My friend, Bonnie, recommended the Leyburn socks for variegated yarn. She’s knit these twice and been perfectly happy with them. As I’m typing this, I went to look at her projects and have just this minute realized that she knit both pairs top down rather than toe up as the pattern calls for. I bet she even mentioned that to me at some point…
Anywho, I knit a toe up Leyburn and it was gorgeous! but far too tight across the top of my foot. I took a deep breath and ripped out the entire sock. I located the Crystalline pattern which had the added benefit of a nice little cable up each side. and waited a year.
I then knit a Crystalline sock and it too was tight in the same elfing spot. I tossed that aside and started a third sock and made sure the heel flap was going to be tall enough to feel comfortable….by actually reading the pattern which called for a 34 row heel flap instead of the 30 row heel flap I’d done. I knit a 36 row heel flap just for good measure and was pleased with the fit. Back to sock 2. Made that flap 36 rows and finished the pair. All’s well that ends well. Except, the thing about variegated yarn is that it’s variegated. What I ended up with is a sock that I LOVE and her slightly less attractive step sister. Ladies and gentlemen, there is a reason I knit so many semi-solid socks.
Pattern: Crystalline Socks by Cailyn Meyer
Mods: Crossed cables on rows 1 and 5 so I didn’t have to track an 8 row pattern and a 12 row chart.
All left crosses on one sock and all right crosses on the other.
I had 20 sts remaining after the heel turn on both socks, so I did one extra decrease after knitting across the heel the last time.
Toe Decreases: (Repeat round 1 & 2) 6 times and then decrease every row.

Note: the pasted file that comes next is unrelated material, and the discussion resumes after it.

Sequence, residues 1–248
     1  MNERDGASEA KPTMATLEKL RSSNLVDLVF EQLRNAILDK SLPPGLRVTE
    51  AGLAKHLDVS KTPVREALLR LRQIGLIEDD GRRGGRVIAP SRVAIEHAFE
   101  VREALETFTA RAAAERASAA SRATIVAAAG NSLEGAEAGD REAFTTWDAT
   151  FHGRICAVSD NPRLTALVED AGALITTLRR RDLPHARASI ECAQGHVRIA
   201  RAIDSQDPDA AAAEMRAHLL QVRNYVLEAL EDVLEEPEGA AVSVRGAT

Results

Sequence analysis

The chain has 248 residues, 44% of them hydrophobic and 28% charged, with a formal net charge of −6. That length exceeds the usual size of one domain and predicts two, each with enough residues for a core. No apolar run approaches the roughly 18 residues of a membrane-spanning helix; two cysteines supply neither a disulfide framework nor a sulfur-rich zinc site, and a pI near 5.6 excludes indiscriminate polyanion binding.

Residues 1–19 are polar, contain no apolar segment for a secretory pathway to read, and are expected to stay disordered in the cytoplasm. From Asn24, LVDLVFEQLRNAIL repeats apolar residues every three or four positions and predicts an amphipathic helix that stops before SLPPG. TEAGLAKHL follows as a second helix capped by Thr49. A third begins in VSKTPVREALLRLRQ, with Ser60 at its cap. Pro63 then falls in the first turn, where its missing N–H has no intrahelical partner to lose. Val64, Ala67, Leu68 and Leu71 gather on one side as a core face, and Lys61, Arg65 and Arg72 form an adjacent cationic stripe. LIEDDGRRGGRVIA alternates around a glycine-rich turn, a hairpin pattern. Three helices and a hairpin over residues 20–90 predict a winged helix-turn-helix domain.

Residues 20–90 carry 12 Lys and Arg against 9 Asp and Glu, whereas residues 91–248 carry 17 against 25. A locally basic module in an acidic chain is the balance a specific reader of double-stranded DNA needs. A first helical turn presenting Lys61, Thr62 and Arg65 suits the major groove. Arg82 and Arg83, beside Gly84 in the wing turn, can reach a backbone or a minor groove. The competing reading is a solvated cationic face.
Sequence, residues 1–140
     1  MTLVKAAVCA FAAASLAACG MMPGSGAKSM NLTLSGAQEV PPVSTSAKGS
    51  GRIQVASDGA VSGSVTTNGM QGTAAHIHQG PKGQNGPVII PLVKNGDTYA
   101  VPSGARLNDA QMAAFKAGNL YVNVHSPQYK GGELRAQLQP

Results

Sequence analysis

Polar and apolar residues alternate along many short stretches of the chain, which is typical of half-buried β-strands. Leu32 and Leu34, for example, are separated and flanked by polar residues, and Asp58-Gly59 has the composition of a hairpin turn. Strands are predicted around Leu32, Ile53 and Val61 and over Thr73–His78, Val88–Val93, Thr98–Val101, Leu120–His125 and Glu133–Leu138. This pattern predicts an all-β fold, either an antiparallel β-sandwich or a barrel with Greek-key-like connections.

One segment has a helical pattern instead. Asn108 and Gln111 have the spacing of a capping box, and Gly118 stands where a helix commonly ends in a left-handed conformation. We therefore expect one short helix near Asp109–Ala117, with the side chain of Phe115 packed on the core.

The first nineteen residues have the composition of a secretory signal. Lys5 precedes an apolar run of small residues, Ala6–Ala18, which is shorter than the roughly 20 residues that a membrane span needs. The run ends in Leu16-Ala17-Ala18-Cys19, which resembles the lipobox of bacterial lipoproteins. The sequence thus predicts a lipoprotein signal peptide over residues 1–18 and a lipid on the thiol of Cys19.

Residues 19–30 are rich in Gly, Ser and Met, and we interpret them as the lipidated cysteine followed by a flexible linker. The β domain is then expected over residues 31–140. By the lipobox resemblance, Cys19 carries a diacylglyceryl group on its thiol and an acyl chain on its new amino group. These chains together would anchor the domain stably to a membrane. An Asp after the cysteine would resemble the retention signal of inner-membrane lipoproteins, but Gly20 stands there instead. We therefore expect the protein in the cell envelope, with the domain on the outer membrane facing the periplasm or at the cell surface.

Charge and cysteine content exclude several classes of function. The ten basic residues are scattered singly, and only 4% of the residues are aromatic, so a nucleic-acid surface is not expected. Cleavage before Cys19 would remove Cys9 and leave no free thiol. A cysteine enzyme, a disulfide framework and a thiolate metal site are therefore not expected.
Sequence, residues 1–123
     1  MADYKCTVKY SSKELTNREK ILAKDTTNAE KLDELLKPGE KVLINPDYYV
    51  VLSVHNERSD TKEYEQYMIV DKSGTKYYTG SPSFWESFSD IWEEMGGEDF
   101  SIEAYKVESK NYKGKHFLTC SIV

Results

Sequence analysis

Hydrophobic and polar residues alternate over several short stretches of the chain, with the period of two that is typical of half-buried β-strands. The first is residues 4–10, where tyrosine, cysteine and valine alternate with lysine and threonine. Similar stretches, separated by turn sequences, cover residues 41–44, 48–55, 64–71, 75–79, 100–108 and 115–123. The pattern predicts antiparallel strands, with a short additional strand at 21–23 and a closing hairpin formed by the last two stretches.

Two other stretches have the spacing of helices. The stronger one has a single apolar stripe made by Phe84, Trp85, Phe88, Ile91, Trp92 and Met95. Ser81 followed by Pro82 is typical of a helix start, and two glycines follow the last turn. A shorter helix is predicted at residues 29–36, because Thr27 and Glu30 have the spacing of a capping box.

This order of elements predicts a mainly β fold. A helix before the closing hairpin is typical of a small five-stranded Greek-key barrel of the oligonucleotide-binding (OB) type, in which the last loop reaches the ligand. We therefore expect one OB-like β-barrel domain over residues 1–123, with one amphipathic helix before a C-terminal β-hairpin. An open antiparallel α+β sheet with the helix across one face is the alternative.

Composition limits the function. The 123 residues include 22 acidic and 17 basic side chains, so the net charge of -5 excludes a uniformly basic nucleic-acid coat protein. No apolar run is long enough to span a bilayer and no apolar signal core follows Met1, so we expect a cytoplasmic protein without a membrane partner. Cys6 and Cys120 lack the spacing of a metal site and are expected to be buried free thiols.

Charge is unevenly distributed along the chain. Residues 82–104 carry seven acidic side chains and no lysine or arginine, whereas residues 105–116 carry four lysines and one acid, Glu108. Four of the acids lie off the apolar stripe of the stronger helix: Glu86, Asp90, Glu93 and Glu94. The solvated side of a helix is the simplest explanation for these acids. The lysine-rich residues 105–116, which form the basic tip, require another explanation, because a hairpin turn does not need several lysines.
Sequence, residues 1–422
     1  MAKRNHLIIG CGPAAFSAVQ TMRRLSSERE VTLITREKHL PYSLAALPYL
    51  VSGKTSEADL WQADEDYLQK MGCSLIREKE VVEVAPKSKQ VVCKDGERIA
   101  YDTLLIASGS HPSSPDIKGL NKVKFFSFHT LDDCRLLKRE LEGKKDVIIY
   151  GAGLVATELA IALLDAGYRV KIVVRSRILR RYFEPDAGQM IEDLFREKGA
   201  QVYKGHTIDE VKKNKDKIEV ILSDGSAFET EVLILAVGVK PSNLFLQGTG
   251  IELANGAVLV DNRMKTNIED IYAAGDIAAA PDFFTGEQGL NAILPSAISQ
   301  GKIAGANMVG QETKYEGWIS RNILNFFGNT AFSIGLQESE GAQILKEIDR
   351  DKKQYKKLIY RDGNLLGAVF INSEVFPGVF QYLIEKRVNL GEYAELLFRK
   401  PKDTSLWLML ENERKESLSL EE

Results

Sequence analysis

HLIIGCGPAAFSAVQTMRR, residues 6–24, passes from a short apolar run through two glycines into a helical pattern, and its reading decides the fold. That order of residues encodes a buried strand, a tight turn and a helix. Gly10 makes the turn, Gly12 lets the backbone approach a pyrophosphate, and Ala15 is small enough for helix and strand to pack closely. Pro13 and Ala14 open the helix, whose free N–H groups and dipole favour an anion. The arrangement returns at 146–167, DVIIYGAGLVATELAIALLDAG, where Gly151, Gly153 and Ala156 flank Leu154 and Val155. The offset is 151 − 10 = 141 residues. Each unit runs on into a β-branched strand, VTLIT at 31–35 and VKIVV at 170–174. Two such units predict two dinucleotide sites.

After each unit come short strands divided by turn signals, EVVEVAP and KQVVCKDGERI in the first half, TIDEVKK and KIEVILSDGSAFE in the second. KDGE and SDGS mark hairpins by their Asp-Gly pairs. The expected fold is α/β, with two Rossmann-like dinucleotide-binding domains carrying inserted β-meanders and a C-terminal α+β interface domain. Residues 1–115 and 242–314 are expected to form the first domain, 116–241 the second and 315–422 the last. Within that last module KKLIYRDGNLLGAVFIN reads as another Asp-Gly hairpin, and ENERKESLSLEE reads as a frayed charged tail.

Needles: 2.5mm Signature Needle Arts for the Legs
2.25mm Signature Needle Arts for the Heels-Toes
Yarn: MadelineTosh Tosh Sock
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Lycaena virgaureae Socks
Another pair of socks is finished and I find myself reflecting. I hadn’t considered that using the scraps from old socks would make me think of the socks these leftovers originated from. Now, my scrappy Lycaena virgaureae socks are like a scrapbook for 6 other pairs of socks. Well, 5 finished pairs of socks and a Texas Stars cowl that I plan to knit. at some point. after I knit all the socks.
Pattern: Lycaena virguareae from The Knitter’s Curiosity Cabinet, Volume II
Needles: 2.5mm for the legs
2.25mm for the feet
Yarns: Cascade Yarns Heritage – (red)
Barking Dog Yarns Achilles – Teal Mist
KnitPicks Stroll Tonal – (orange)
KnitPicks Stroll Tonal – Springtime
The Plucky Knitter Plucky Feet – Vignette
Cascade Yarns Heritage – (gold)
Chrysanthemum socks from The Knitter’s Curiosity Cabinet
Mashad from Silk Road Sock
Tags: Barking Dog Yarns
Fucus asparagoides from The Knitter’s Curiosity Cabinet, Volume III
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Because I cannot be bothered to do anything the easy way, I decided to try a pair of scrappy Inlay socks. I knew there was a solid chance that I wasn’t going to love them, but what if I do? I had to find out. I’m no good at wondering “What if?”. Just over one chart repeat in, I realized the half of me that thought this wasn’t going to end well was spot on. This pattern is too pretty not to use solid yarn.
So, I ruthlessly frogged and began the hunt for my next
victim pattern. I considered the Dalekanium pattern after admiring Bonnie’s pair. I enjoy the look of this pattern with stripes, but it’s toe up which doesn’t jive with my scrappy vision. I looked at some cuff down slip stitch patterns, but they just don’t have the same lines. So, I started brainstorming other cuff down patterns I’m familiar with and thought of the Lycaena virgaureae Socks I gifted and decided I need a pair of my own. These may be just what the Dr. ordered. Only time will tell!
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